SCALING UP POSITIVE PARENTING PRACTICES IN UGANDA: RESEARCH EVIDENCE FROM AN INTEGRATED COMMUNITY-LED INITIATIVE FOR REDUCING VIOLENCE AGAINST CHILDREN IN LIRA DISTRICT, NORTHERN UGANDA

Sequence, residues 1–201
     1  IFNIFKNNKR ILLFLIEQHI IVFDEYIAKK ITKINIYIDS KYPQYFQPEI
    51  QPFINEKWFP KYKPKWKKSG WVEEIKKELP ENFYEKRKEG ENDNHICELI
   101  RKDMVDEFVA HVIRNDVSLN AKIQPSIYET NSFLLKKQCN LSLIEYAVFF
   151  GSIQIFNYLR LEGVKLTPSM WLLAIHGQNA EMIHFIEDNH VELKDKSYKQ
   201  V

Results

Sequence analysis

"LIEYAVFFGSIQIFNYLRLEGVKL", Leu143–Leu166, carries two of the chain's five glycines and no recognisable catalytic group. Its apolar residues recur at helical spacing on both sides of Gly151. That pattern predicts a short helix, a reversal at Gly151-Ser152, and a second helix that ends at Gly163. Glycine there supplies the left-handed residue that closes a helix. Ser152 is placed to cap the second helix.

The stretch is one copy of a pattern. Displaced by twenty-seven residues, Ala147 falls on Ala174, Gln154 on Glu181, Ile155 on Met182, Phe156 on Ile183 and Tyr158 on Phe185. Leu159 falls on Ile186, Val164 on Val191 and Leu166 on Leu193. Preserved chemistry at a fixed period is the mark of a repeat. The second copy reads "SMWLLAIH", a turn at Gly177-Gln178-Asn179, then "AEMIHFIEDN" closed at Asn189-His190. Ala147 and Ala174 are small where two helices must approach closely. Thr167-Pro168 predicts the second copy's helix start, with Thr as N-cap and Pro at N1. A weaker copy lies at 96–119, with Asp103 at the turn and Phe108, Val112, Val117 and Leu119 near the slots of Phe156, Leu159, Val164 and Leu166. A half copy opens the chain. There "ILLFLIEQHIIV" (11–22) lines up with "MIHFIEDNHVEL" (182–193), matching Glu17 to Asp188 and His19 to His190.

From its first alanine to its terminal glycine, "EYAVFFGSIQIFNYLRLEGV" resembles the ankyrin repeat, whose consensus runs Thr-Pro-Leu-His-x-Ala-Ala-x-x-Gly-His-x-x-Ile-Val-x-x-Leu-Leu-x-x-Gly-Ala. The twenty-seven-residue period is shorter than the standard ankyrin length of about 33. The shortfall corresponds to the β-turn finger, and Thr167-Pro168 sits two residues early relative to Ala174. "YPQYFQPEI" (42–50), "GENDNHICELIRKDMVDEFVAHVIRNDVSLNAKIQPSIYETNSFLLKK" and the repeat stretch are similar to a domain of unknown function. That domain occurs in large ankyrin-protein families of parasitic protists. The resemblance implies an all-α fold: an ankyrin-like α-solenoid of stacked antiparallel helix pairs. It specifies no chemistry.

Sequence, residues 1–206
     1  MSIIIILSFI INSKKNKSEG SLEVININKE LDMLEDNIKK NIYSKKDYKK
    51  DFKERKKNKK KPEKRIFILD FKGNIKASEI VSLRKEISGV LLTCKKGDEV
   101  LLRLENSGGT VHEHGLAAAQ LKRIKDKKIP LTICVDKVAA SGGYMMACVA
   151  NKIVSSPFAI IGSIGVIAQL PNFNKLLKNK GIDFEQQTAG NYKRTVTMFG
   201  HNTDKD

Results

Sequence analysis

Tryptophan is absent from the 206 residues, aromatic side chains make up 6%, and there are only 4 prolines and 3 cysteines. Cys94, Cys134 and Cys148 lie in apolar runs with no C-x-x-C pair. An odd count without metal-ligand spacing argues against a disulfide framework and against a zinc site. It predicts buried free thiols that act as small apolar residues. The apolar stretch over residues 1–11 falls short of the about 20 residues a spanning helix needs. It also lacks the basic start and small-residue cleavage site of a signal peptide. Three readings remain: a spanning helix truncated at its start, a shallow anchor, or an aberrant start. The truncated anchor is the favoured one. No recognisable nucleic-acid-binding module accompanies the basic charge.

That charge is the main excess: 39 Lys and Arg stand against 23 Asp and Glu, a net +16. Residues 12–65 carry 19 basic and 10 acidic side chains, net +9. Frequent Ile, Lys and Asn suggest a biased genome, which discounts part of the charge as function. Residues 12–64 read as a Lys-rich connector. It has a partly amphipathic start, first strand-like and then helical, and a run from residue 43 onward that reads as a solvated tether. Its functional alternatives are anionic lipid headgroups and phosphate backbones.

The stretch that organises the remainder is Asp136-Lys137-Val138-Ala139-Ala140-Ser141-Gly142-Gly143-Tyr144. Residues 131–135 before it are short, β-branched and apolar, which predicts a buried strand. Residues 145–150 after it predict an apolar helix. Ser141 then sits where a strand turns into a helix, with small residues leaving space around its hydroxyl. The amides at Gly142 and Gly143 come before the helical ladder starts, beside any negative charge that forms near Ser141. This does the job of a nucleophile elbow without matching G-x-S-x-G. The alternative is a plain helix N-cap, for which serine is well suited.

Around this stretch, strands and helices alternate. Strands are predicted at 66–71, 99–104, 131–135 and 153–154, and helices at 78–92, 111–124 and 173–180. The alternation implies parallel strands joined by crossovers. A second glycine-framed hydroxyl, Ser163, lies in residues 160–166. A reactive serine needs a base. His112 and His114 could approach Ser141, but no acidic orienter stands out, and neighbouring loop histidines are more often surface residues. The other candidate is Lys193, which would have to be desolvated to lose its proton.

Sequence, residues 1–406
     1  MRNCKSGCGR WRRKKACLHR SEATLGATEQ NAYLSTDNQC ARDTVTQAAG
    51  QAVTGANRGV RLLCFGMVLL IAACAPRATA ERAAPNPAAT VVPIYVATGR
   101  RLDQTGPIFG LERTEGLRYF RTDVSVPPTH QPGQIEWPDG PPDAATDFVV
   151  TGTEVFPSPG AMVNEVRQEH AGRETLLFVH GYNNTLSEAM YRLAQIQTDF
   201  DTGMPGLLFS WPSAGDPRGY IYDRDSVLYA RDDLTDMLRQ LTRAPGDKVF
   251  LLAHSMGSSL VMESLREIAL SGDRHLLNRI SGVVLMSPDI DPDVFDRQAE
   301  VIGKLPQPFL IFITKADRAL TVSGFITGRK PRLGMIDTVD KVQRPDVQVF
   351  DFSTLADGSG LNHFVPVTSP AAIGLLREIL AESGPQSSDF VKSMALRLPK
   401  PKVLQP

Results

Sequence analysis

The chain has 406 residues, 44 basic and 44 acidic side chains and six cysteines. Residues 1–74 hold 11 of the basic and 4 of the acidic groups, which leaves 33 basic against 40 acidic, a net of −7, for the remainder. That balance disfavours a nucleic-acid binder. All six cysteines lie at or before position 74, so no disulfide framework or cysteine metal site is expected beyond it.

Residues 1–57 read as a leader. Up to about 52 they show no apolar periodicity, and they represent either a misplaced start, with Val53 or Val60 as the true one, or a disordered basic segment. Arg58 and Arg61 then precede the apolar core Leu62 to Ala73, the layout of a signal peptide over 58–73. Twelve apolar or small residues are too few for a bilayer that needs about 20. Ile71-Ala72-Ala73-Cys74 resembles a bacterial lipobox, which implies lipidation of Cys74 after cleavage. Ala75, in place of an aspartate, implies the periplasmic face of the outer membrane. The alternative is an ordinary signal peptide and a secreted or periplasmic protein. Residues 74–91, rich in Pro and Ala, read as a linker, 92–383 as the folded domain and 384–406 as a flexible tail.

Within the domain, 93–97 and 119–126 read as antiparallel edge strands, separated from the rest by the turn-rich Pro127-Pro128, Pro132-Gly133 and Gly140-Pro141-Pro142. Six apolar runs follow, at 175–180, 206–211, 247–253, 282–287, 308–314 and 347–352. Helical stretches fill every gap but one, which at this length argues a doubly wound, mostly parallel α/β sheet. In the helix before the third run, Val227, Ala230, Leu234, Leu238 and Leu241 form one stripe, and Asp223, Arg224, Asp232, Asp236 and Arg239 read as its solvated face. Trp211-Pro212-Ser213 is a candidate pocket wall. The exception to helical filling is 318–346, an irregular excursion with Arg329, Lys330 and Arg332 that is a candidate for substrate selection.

Community-based action research is increasingly gaining traction in development work, partly because of its benefits in contextualizing societal problems and “handing over the stick” to the communities; that is, researchers listen, question, and learn as the experts (the community members) identify their problems and define the change they desire. This research approach, therefore, empowers communities and is a shift from traditional research where the researcher presupposes that deductions about a phenomenon are to be made outside the natural environment. This research paper documents the use of participatory learning and action approaches in designing, implementing, and monitoring interventions to prevent violence against children in post-conflict northern Uganda, a region that suffered through the Lord’s Resistance insurgency from 1987 to 2006.
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